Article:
Foundational & Structural Relationship the United States and Israel

Larry Cohler-Esses and James D. Besser write in the NY Jewish Week about Michael Oren's addressing the AIPAC Policy Conference: "Israeli historian Michael Oren set the stage with an analysis suggesting that the roots of American support for Israel date back to the early colonial era—and Protestants who created a theology embracing the concept of a restored Zion anticipating the Zionist movement" http://www.thejewishweek.com/news/newscontent.php3?artid=13793&print=yes

"Power, Faith, and Fantasy: America in the Middle East 1776 to the Present" by Michael B. Oren, Reviewed by Chris Barsanti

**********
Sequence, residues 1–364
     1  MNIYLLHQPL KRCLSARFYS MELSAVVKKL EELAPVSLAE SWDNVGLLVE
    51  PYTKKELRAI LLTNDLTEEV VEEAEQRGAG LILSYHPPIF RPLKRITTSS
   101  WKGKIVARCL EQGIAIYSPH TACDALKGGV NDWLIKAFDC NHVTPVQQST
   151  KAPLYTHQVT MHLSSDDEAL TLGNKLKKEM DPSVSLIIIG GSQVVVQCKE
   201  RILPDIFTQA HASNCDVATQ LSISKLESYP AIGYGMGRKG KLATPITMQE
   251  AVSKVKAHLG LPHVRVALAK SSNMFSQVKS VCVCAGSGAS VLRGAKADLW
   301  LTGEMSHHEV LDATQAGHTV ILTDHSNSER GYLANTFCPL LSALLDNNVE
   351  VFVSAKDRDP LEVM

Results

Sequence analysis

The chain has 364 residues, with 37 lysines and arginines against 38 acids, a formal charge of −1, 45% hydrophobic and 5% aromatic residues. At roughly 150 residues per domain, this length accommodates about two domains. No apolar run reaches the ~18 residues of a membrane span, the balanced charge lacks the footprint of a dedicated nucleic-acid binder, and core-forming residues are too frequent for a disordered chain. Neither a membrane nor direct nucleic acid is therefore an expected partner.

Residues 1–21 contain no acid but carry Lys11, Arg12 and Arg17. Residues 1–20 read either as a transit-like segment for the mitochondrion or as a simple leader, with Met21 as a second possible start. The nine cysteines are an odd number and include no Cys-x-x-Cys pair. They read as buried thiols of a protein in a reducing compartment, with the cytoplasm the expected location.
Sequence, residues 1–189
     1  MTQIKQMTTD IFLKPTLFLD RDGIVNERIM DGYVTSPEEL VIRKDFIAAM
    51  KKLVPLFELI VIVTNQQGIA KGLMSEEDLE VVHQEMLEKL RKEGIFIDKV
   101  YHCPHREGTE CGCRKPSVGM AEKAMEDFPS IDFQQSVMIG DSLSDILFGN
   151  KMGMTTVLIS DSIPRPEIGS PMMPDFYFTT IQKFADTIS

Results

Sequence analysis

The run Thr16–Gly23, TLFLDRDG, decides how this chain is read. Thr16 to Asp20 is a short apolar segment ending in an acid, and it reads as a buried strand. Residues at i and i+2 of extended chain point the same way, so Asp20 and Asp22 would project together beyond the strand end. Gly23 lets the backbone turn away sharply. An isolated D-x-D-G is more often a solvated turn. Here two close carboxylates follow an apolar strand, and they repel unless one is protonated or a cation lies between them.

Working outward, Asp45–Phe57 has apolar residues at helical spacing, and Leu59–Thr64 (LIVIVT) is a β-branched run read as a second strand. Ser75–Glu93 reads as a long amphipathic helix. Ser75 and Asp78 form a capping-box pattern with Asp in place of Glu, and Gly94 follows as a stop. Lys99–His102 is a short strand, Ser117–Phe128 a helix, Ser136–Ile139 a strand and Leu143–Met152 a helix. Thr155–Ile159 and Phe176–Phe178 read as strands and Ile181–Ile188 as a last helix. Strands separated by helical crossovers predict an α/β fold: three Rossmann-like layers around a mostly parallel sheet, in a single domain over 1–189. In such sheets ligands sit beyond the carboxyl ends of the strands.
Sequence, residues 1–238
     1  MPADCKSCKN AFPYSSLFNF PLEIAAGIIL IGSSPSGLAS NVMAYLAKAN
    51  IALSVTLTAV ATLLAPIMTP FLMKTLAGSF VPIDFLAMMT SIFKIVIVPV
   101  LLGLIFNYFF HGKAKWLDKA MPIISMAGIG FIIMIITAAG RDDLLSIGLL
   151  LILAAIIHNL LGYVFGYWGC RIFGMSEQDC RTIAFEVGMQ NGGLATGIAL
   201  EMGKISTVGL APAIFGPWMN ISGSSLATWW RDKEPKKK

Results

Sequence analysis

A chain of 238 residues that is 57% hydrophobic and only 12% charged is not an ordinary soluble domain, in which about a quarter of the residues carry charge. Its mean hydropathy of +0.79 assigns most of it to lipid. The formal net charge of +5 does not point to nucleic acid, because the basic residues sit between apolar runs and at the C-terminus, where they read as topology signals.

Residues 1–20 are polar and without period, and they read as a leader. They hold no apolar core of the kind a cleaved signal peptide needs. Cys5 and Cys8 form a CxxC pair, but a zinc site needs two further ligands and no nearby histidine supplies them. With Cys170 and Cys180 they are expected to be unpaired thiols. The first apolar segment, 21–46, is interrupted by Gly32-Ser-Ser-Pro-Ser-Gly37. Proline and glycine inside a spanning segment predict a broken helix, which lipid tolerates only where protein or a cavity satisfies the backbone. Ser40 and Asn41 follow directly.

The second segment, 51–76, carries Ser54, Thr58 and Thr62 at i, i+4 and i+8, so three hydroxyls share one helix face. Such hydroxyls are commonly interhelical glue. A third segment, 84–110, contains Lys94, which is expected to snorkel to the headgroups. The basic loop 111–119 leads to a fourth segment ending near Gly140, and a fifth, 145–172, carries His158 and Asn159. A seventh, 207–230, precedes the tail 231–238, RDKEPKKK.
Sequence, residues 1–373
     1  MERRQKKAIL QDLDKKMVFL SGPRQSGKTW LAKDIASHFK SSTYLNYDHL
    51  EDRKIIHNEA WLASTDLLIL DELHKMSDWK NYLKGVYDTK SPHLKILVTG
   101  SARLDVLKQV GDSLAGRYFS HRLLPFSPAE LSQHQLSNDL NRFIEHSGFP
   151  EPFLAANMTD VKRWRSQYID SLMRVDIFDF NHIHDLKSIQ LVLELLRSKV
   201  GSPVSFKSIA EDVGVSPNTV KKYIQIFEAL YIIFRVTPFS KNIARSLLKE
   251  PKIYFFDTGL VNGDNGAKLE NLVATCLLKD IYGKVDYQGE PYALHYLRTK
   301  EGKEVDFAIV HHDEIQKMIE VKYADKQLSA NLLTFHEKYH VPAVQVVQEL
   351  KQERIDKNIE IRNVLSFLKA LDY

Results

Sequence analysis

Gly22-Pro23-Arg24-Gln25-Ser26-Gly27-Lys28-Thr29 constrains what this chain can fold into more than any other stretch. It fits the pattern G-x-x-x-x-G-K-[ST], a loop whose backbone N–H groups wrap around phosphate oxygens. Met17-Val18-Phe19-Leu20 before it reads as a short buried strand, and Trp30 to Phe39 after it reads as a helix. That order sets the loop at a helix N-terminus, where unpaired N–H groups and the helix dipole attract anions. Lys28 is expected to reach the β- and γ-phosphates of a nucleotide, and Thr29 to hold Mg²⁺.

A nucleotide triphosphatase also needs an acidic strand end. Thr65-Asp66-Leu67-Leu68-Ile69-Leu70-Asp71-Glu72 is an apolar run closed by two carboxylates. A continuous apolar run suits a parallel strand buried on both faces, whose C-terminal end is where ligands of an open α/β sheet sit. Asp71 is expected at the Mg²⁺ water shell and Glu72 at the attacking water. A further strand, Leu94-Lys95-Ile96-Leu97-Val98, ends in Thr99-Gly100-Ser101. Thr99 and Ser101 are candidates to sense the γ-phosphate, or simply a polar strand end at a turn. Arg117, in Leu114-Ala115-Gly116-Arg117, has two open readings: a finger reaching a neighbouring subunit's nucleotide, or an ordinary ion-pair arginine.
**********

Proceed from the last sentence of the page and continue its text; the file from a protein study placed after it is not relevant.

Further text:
... missionary Protestantism, the 19th century forebears to today’s evangelicals, who could see no higher purpose than to reclaim the Middle East for Christianity. It was a religious form of Manifest Destiny, that wanted not land, but souls, and churches across the country were obsessed with the idea, “not as an end in itself, but rather as a means for hastening Christ’s return.” These missionaries were so fascinated by the region they practically invented Zionism: an NYU biblical scholar and professor of Hebrew named George Bush—actually a forebear of both Presidents Bush—published a book in 1844 that called for recreating a Jewish state in Palestinian. This missionary effort to get Jews to resettle as farmers in Palestine was an effort doomed to failure by their own naiveté, lack of interested Jews, local Arab hostility, and an unforgiving land. John Steinbeck’s grandfather was among those Protestant Zionists who ran an early sort of kibbutz (Melville visited once) until a vicious attack by several Arabs in 1858 sent them back home.

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